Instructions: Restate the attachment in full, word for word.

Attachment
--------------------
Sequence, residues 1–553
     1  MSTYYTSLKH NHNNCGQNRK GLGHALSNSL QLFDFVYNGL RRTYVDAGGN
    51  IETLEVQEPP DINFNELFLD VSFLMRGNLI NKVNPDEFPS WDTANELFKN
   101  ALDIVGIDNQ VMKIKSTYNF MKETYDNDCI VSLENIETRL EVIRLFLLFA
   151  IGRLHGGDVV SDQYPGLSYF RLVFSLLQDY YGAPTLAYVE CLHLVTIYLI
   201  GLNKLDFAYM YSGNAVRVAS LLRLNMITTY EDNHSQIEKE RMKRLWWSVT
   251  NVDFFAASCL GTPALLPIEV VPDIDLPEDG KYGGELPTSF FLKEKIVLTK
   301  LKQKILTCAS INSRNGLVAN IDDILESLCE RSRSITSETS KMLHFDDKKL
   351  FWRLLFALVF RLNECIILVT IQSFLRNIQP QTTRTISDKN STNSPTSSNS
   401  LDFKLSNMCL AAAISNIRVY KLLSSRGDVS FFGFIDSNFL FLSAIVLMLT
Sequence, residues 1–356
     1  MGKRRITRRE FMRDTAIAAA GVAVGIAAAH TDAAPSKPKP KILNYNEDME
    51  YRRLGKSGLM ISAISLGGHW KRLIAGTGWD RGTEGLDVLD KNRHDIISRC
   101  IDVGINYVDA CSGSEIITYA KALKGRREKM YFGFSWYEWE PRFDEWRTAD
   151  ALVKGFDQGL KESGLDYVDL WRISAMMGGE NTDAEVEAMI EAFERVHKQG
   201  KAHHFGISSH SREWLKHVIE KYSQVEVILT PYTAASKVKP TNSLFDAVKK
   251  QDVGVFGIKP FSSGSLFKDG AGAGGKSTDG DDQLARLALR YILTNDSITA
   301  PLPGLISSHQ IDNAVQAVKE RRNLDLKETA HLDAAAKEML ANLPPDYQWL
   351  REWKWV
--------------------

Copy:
Sequence, residues 1–553
     1  MSTYYTSLKH NHNNCGQNRK GLGHALSNSL QLFDFVYNGL RRTYVDAGGN
    51  IETLEVQEPP DINFNELFLD VSFLMRGNLI NKVNPDEFPS WDTANELFKN
   101  ALDIVGIDNQ VMKIKSTYNF MKETYDNDCI VSLENIETRL EVIRLFLLFA
   151  IGRLHGGDVV SDQYPGLSYF RLVFSLLQDY YGAPTLAYVE CLHLVTIYLI
   201  GLNKLDFAYM YSGNAVRVAS LLRLNMITTY EDNHSQIEKE RMKRLWWSVT
   251  NVDFFAASCL GTPALLPIEV VPDIDLPEDG KYGGELPTSF FLKEKIVLTK
   301  LKQKILTCAS INSRNGLVAN IDDILESLCE RSRSITSETS KMLHFDDKKL
   351  FWRLLFALVF RLNECIILVT IQSFLRNIQP QTTRTISDKN STNSPTSSNS
   401  LDFKLSNMCL AAAISNIRVY KLLSSRGDVS FFGFIDSNFL FLSAIVLMLT
Sequence, residues 1–356
     1  MGKRRITRRE FMRDTAIAAA GVAVGIAAAH TDAAPSKPKP KILNYNEDME
    51  YRRLGKSGLM ISAISLGGHW KRLIAGTGWD RGTEGLDVLD KNRHDIISRC
   101  IDVGINYVDA CSGSEIITYA KALKGRREKM YFGFSWYEWE PRFDEWRTAD
   151  ALVKGFDQGL KESGLDYVDL WRISAMMGGE NTDAEVEAMI EAFERVHKQG
   201  KAHHFGISSH SREWLKHVIE KYSQVEVILT PYTAASKVKP TNSLFDAVKK
   251  QDVGVFGIKP FSSGSLFKDG AGAGGKSTDG DDQLARLALR YILTNDSITA
   301  PLPGLISSHQ IDNAVQAVKE RRNLDLKETA HLDAAAKEML ANLPPDYQWL
   351  REWKWV